A key question to ask when drawing up models to test ‘viability’ is: what would count as an acceptable margin or return for a product?

This question hides a more complex consideration, which is that the market and, therefore, margin for new products can evolve over time.

So early versions of a product may have a small market and low margins, but as these markets develop both margins and size can improve.

From this point of view, the business may potentially need to be able to operate in the market at a small scale and / or low margin in order to reap the benefits. The clearest example of this dichotomy is given in Christensen’s analysis of the Apple Newton. He makes the point that when Apple’s first products (such as the Apple II) were developed, sales of just a few thousand low-margin units were regarded as a major victory. Enough, in fact, to generate a very highly-rated listing of the company itself. By the time the Newton came to market, Apple had to achieve much more (despite launching the product into a market every bit as immature as the personal computing market   had been 15 years earlier). So much so that the Newton was seen as    a failure:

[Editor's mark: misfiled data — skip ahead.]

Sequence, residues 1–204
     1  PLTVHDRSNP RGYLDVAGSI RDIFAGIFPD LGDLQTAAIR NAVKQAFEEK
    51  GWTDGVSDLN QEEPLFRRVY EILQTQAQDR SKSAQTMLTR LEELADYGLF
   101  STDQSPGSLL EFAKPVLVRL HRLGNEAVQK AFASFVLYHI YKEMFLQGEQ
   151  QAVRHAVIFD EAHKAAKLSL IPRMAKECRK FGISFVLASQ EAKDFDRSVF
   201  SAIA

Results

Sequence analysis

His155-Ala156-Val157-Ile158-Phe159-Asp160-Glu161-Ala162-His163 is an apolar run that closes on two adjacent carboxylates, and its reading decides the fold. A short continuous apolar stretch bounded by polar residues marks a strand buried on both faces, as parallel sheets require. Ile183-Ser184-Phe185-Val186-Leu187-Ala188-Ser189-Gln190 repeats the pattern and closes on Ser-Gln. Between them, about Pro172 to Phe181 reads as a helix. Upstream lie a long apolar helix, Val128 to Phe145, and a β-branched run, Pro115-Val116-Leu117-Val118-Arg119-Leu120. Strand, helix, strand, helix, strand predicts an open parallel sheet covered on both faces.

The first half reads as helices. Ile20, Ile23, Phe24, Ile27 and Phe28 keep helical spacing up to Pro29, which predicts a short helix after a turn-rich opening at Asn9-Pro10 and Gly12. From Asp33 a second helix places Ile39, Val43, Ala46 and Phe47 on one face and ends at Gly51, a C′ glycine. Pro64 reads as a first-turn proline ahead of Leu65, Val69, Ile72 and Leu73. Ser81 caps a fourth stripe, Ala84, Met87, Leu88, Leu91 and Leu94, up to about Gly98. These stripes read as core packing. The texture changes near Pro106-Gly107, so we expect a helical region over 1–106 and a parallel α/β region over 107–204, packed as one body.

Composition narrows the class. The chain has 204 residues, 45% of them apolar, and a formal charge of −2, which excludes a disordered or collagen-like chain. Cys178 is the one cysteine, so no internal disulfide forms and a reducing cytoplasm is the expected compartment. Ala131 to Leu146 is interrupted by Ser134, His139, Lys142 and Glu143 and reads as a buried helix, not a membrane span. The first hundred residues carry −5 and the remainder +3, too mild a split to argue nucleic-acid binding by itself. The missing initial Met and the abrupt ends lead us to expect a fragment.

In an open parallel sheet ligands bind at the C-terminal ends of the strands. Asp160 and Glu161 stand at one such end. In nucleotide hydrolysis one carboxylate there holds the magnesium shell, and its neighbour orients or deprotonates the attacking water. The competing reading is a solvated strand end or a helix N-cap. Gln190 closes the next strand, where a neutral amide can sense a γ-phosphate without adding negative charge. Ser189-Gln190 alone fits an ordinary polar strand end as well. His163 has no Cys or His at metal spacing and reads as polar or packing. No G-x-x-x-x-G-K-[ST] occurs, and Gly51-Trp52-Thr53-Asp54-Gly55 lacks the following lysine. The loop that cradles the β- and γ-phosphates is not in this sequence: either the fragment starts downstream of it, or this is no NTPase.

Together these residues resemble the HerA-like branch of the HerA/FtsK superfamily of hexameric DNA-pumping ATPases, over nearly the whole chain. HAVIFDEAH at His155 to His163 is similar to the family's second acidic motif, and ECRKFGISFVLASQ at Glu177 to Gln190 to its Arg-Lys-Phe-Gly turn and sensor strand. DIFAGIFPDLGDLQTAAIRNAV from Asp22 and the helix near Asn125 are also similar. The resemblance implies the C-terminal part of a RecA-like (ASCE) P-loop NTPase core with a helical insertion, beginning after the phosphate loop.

‘It was a market-creating, disruptive product targeted at an undefinable set of users whose needs were unknown to either themselves or Apple. On that basis, Newton’s sales should have been a pleasant surprise to Apple’s executives: It outsold the Apple II in its first two years by a factor of more than three to one. But while selling 43,000 units was viewed as an IPO-qualifying triumph in the smaller Apple of 1979, selling 140,000 Newtons was viewed as a failure in the giant Apple of 1994.’ 20